Château Haut Brion is one of the five First Growths of the 1855 Classification of the Medoc. The Château was established in 1533 by Jean de Pontac, who was the first to plant vineyards on this prime gravelly site, found in the Graves sub-region of Pessac Leognan. The Chateau is owned today by Prince Robert of Luxembourg, the great-grandson of Clarence Dillon.
It is planted to Cabernet Sauvignon, Merlot, Cabernet Franc and Petit Verdot, with three hectares planted to the white varieties of Semillon and Sauvignon Blanc. Château Haut Brion is the only property outside of the Medoc in the 1855 classification. A wine of class and breed, Château Haut Brion is typically more approachable in its youth, showing floral perfume and elegance, yet possesses the structure required for exceptional longevity.
There are 10,500 cases of the 2009 Haut-Brion, from a blend of 46% Merlot, 40% Cabernet Sauvignon, and 14% Cabernet Franc. For technicians, the highest ever natural alcohol, 14.3%, was achieved, with a pH of 3.9, which is about the same as the 1989 and 1990, as well as 1959. This is the kind of wine to send chills even up my spine, and I have been tasting here for nearly 30 years. An extraordinary nose of plum, blueberry, raspberry, crushed rock, and that intriguing floral as well as unsmoked cigar tobacco note (a classic sign of this terroir) is followed by a wine of creamy unctuosity reminiscent of 1989, but there is a freshness, vibrancy and precision that is historic and possibly unprecedented. Some graphite emerges as the wine sits in the glass, but the wine is very thick while at the same time precise and elegant. This is the quintessential expression of one of the greatest wine terroirs of the world. To reiterate, the good news is that there are going to be 10,500 cases of Haut-Brion in 2009, which is about 1,500 more cases than the 9,000 produced in 2005. This wine will probably need 7-8 years of cellaring when released and evolve as well as the 1959 has (which is still a perfect wine today), so we’re realistically talking 50-75 years when stored in a cool cellar.
98-100 points, Wine Advocate, 2010
A dark and brooding wine, delivering blackberry, black licorice, mahogany, subtle grilled meat and raspberry jam. Full-bodied, with layers of ripe and chewy tannins. Loads of fruit yet subtle and reserved, and a long, long finish. Super fruit, yet held back. A 2005 in the remaking, but perhaps slightly supercharged.
97-100 points, Wine Spectator
Chateau Haut Brion, at 14.3 % alcohol, was a brilliant wine. It was inky deep with intense elderberry/ cassis/ chocolaty aromas, deep set sweet fruit, smooth praline/ cassis flavours, fine dense chalky tannins and intuitive cedar/ vanillin oak. It had real percussion, freshness and vinosity. This is definitely one of the top First Growth wines.
96-99 points, Langton's
What a blockbuster effort! Atypically powerful, one day, the 2009 Haut-Brion may be considered to be the 21st century version of the 1959. It is an extraordinarily complex, concentrated effort made from a blend of 46% Merlot, 40% Cabernet Sauvignon and 14% Cabernet Franc with the highest alcohol ever achieved at this estate, 14.3%. Even richer than the perfect 1989, with similar technical numbers although slightly higher extract and alcohol, it offers up a sensational perfume of subtle burning embers, unsmoked cigar tobacco, charcoal, black raspberries, wet gravel, plums, figs and blueberries. There is so much going on in the aromatics that one almost hesitates to stop smelling it. However, when it hits the palate, it is hardly a letdown. This unctuously textured, full-bodied 2009 possesses low acidity along with stunning extract and remarkable clarity for a wine with a pH close to 4.0. The good news is that there are 10,500 cases of the 2009, one of the most compelling examples of Haut-Brion ever made. It requires a decade of cellaring and should last a half century or more. Readers who have loved the complexity of Haut-Brion should be prepared for a bigger, richer, more massive wine, but one that does not lose any of its prodigious aromatic attractions.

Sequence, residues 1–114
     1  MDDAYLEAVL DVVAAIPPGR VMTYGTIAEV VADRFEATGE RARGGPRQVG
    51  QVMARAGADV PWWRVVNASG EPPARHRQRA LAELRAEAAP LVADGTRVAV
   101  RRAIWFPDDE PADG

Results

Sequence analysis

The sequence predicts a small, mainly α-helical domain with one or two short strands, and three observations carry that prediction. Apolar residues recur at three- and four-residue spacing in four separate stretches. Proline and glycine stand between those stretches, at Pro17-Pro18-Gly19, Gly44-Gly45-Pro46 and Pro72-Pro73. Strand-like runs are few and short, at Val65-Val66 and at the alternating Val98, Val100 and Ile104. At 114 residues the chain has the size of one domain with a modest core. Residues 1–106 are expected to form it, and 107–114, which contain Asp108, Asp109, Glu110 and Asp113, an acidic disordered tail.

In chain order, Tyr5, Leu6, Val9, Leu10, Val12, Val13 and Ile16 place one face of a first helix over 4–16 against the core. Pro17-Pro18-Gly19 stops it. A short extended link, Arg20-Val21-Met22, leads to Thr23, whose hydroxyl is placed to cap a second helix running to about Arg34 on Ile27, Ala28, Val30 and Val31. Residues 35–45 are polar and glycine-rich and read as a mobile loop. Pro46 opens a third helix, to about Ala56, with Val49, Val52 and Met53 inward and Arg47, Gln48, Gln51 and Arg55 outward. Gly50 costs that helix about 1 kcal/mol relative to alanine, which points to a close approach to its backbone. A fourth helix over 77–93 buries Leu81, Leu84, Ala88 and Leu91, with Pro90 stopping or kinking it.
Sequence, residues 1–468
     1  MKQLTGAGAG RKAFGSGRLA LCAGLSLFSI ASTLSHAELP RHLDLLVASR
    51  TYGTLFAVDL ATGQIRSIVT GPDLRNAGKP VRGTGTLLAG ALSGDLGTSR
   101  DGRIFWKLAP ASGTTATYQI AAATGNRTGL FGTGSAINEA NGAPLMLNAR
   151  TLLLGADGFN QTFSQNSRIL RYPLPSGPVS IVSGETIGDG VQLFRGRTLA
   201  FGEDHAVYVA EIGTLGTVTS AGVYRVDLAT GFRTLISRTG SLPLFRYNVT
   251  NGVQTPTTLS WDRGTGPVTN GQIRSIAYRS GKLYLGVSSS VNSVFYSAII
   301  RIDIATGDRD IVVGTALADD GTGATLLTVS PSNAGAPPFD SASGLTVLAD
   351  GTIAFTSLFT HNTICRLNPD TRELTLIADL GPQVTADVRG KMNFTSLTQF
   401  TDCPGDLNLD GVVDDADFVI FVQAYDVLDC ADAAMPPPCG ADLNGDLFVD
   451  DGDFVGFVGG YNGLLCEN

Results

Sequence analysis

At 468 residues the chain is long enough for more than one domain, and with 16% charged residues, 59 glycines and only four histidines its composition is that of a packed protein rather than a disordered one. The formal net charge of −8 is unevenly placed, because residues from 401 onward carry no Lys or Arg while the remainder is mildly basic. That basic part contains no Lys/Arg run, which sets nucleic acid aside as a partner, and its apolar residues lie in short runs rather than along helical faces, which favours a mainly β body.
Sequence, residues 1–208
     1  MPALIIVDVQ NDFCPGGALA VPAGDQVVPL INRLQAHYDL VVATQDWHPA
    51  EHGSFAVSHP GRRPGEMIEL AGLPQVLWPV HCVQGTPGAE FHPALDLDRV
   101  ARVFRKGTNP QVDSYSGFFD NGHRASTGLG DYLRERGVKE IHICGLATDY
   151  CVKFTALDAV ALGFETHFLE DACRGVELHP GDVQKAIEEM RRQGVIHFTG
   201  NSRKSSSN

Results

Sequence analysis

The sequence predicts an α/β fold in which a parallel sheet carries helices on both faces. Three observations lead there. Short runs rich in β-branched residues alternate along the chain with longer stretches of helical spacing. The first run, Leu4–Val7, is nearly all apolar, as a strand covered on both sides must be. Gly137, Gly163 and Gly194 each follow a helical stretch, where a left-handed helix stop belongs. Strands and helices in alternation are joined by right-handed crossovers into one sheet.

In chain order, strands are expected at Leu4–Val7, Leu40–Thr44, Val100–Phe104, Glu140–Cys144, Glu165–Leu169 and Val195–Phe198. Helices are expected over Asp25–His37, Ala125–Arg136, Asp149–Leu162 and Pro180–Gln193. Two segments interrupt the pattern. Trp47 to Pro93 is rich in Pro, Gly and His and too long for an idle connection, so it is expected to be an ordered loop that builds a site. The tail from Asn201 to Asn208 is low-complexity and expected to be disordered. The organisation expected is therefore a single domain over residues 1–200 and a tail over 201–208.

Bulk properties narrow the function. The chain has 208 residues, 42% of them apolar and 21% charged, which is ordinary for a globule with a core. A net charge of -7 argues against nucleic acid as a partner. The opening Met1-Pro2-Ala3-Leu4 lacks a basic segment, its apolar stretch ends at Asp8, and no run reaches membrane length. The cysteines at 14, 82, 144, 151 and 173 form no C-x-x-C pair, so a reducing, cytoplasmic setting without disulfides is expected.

100 points, Wine Advocate (December 2011)
The 2009 Haut-Brion is deep garnet colored and slightly closed and shy to begin, slowly unfurling to reveal sensuous notions of warm blackberries, plum preserves, mulberries and blackcurrant cordial with touches of star anise, mocha and damp soil. Full-bodied, taut and tightly wound in the mouth, the palate delivers mouth-coating black fruit and mineral layers with a very firm frame of ripe, grainy tannins, finishing long and earthy. This needs time!
100 points, Wine Advocate (March 2019)
Extravagant and exotic, but still lively, this is a super-concentrated and elegant wine that's already breathtaking, yet has enormous aging potential. Plenty of wet earth and mushroom character alongside the cassis and blackberry aromas. Super-long, perfectly balanced finish.
100 points, JamesSuckling.com (March 2019)
Every time I taste this I love it. What a nose with black truffles and raspberries with flowers. Insanely rich yet subtle. Full-bodied, with ultra fine tannins and a length that goes on forever. Super structured and intense. This is very closed now. Don't touch for 10 years. Made to age. This could well be better than the perfect 1989.
100 points, JamesSuckling.com (May 2012)